Dr. Zeisel’s research efforts have won him many awards, including the esteemed National Institute of Environmental Health Sciences’ Falk Award. Zeisel received the award at the event in October, 2010 at Research Triangle Park, where he presented the Hans L. Falk Memorial Lecture entitled, “Nutrigenomics, Estrogen and Environmental Chemicals Influence the Dietary Requirements of Choline.” Each year a featured speaker that has made significant contributions to environmental health sciences research presents a memorial lecture honoring Hans L. Falk, NIEHS’ first scientific director. That same year, Dr. Zeisel delivered the State-of-the Art Lecture at the Annual meeting of the American Gastroenterologic Association.
In 2009, Zeisel was also selected to deliver the prestigious W.O. Atwater Lecture by the US Department of Agriculture, an honor reserved for those scientists who have made unique contributions toward improving the diet and nutrition of people around the world.
His other prestigious honors and awards include the American Society for Nutrition’s Osborne and Mendel Award, the American College of Nutrition’s Award for Outstanding Achievements in Nutrition, and the Bristol-Meyers Squibb/Mead Johnson Award for Distinguished Achievement in Nutrition.
For more information about Dr. Zeisel or to schedule an interview, please contact the UNC Nutrition Research Institute, 704-250-5008.

 


 

 Research Team

Walter Friday : <h4>Research Technician, Zeisel Lab</h4>

Walter Friday

Research Technician, Zeisel Lab

walter_friday@unc.edu
704-250-5013

Walter Friday, a Kannapolis native, recently returned to Cabarrus County to get married. He is a 2010 graduate of Rowan-Cabarrus Community College with an AAS in Biotechnology. He is pleased to be working at the Nutrition Research Institute as a research technician. He enjoys spending time with his wife, reading, and traveling.



Stephen Oreña : <h4>Research Associate, Zeisel Lab</h4>

Stephen Oreña

Research Associate, Zeisel Lab

stephen_orena@unc.edu
704-250-5041

Stephen Oreña received his B.S. degree in Zoology from the University of Massachusetts, Amherst and an M.S. degree from Harvard Medical School, Boston. He went on to do drug discovery research in the areas of diabetes and obesity at Pfizer, Inc. Stephen has extensive experience in cell biology, molecular biology and animal research with expertise in the design and execution of a variety of in vitro and in vivo assays for both screening and mechanistic purposes. Stephen is currently working on a phytochemical screen for activation of the anti-oxidant response pathway.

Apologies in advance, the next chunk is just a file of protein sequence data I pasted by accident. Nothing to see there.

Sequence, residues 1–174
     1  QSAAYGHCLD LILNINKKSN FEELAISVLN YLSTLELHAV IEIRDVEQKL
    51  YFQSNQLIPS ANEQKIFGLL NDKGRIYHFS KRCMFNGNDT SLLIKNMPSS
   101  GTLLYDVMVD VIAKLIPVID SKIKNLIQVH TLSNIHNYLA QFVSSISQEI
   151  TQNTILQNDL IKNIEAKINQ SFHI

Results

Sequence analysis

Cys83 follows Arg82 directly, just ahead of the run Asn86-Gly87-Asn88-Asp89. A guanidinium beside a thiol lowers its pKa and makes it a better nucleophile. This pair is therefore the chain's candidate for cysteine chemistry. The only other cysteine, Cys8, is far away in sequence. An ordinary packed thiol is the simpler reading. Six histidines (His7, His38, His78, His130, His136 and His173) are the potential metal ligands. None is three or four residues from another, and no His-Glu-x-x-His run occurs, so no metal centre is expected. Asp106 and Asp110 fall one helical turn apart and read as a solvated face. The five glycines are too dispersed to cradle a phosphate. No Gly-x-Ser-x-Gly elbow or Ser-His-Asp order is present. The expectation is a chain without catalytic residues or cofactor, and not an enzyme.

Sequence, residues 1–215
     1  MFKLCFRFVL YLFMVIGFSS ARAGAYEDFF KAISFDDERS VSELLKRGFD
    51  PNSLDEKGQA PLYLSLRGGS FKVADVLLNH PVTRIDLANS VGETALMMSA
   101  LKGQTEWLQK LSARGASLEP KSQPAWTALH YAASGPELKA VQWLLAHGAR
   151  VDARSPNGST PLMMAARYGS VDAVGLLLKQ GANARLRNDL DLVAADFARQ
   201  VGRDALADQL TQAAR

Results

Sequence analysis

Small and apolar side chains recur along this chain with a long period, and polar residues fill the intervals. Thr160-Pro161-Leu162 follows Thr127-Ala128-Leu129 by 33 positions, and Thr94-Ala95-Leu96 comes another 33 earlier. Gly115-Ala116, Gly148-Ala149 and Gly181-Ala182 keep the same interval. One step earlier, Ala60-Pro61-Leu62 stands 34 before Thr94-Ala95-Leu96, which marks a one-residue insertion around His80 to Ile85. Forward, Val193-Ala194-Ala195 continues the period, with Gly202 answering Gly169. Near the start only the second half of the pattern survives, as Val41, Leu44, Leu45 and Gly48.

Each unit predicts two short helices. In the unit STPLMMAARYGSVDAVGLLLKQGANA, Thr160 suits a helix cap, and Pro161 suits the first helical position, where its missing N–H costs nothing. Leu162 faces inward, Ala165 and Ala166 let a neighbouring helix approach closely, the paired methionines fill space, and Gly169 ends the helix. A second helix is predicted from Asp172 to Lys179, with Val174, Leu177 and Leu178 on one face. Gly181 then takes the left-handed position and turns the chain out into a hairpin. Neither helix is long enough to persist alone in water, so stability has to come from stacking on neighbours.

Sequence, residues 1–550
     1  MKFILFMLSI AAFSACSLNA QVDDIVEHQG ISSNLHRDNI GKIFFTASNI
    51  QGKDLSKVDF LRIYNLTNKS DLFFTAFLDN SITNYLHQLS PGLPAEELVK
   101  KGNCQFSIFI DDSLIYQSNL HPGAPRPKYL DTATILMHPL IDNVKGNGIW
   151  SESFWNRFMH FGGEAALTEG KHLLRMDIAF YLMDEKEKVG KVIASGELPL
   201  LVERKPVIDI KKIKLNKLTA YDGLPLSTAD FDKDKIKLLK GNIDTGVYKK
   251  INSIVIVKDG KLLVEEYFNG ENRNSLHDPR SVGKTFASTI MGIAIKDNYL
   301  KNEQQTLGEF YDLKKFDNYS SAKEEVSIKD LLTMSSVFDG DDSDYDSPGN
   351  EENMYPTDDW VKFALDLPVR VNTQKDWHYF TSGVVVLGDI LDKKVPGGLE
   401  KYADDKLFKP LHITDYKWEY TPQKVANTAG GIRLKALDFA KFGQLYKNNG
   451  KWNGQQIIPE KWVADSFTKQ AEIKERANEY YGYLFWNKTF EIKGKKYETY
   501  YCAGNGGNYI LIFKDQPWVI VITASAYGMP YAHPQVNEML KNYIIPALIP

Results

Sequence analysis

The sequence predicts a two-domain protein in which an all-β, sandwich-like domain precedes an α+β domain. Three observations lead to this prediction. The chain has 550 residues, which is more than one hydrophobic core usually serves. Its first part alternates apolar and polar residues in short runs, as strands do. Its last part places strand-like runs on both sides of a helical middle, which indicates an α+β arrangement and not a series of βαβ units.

Julie Stegall : <h4>Study Coordinator, Zeisel Lab</h4>

Julie Stegall

Study Coordinator, Zeisel Lab

julie_stegall@unc.edu
704-250-5048

In January 2018, Julie took on a new role as a Clinical Research Coordinator in the Zeisel Lab. She joined the NRI in 2009, and has worked on research studies with babies, toddlers, school age children, and adults, as well as managing other lab responsibilities. She was drawn to the NRI in 2009 by the opportunity to work with Carol Cheatham, PhD as a recruiter for her studies with children.  She quickly became a research assistant and lab manager during her 5 years with the Cheatham team.  An opportunity presented itself for her to focus in a different area with Philip May, PhD.  As a result of her past experiences with children diagnosed with a FASD, Julie became engrossed in May's research to understand more about this challenging problem. Julie earned a BA in Journalism and Mass Communications and a Masters in Social Work from the University of North Carolina at Chapel Hill. Her work with children and families spans a variety of locations and settings. Julie is a native of Kannapolis.



Isis Trujillo, PhD : <h4>Postdoctoral Research Associate, Zeisel Lab</h4>

Isis Trujillo, PhD

Postdoctoral Research Associate, Zeisel Lab

isis_trujillo@unc.edu
704-250-5041

Isis Trujillo received her PhD in Biomedical Sciences from the National Autonomous University of Mexico (UNAM). Her research was focused on the role of metabolic proteins associated with biotin in transcriptional regulation. She also collaborated on breast cancer research projects. Her interests include nutrigenomics, epigenetics and metabolism. She is now investigating how bioavailability of choline affects epigenetics neural progenitor cells.